In our first section, we map out The New School’s evolving institutional structure. This constant change reflects the institution’s drive to continually adapt in order to best support its mission. In the second section, three students explore the birth and growth of the Media Studies program, particularly how its course offerings and approaches to teaching and learning evolved in tandem with changes in the media landscape. Finally, in keeping with The New School’s commitment to creative critical practice, we propose our own experimental technological tools that might help us to engage the archive in new ways. Thus the platform in which this exhibition is presented proposes its own shifts — planting seeds for the development of new media, new archival interfaces, and new approaches to archival study, that will continue to make even The New School’s archives ever new.
That introductory text also provides more context for the “Platform Shifts” theme:
Since its inception in 1919 The New School has sought to shift the platforms and modify the protocols of higher education. Founded amid controversy over freedom of speech in the academy and in political discourse at large, The New School fashioned itself into a place where students and faculty could work together, inside the classroom and out, to address contemporary problems and cultivate a world committed to democratic ideals. With its informal administration; its rejection of entrance requirements, exams, degrees, and traditional academic departments; its commitment to adult learners; its championing of civic engagement; and its embrace of scholars ostracized by their own institutions, the early New School was designed as a new kind of intellectual and creative platform — one that we might today call, in the language of Silicon Valley, “disruptive.” In fact, Alvin Johnson, the university’s first president, argued that, rather than providing “acceptable conclusions” for students, The New School would offer “a series of opening vistas” through “instruction that is unsettling, rather than authoritarian and quieting.”*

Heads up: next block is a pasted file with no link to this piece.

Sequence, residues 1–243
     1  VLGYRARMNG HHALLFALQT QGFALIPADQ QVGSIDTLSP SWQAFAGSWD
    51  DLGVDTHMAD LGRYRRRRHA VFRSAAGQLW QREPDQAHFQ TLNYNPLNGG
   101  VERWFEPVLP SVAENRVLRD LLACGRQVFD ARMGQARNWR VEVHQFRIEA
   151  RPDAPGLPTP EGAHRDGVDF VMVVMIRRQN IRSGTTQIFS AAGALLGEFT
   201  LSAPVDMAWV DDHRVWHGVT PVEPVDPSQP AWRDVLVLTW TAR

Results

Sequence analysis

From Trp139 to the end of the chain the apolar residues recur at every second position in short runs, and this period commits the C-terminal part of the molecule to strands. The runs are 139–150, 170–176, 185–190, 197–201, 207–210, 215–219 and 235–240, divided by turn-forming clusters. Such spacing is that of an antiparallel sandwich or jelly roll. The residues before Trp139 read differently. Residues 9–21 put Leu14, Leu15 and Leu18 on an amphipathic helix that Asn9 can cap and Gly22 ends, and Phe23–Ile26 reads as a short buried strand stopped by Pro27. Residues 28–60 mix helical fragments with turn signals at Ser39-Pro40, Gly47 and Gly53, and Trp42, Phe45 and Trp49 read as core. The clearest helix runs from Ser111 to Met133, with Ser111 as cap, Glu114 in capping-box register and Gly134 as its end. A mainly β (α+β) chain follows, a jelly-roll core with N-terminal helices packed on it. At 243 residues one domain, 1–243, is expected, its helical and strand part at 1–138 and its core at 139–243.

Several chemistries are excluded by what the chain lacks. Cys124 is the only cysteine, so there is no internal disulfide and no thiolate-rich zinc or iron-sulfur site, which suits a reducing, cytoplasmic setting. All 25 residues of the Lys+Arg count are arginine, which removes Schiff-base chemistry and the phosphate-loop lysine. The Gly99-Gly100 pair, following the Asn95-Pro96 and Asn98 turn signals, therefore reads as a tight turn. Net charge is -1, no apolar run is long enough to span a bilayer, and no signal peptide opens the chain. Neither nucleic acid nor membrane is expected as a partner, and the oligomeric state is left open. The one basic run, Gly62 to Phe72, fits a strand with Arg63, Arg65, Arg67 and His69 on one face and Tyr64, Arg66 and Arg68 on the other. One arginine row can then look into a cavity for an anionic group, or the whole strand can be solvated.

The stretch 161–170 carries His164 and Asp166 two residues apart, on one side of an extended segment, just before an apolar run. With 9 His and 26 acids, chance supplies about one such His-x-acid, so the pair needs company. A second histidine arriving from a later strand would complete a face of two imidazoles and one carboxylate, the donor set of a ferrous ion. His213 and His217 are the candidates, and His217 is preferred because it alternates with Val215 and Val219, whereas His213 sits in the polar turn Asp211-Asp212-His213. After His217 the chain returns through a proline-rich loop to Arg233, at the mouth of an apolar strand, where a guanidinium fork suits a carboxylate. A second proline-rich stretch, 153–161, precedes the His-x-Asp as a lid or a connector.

This new pedagogical platform also embraced the arts as an integral component of social research. Media was taken seriously as a social force — and media making as a social practice. The New School has been a pioneer in both the study and making of media, offering among the first film studies classes in the 20s and integrating the country’s, if not the world’s, first media studies program in the 70s. The MA Program in Media Studies, born out of the Center for Understanding Media (founded in 1969), has always embraced contemporary theoretical frameworks and methodologies for studying media; and experimented with a variety of media technologies, from 16mm film to interactive technologies.
This progressive media history is documented, in part, in The New School’s archives, particularly through recently acquired collections. This project reflects the work of graduate students in the Masters Program in Media Studies to trace these institutional, technological, pedagogical, and cultural platform shifts, and to place them into context.
*quoted in Alvin Johnson, Deliver Us From Dogma, (New York: American Association for Adult Education, 1934): 39.
I must reiterate my gratitude to Wendy Scheir and Liza Harrell-Edge from the New School Archives, my TA Extraordinaire Angelica Vergel, and our many talented and gracious guests and hosts — all of whom made this such an enlightening and rewarding experience for my students and me. Thanks to all of you!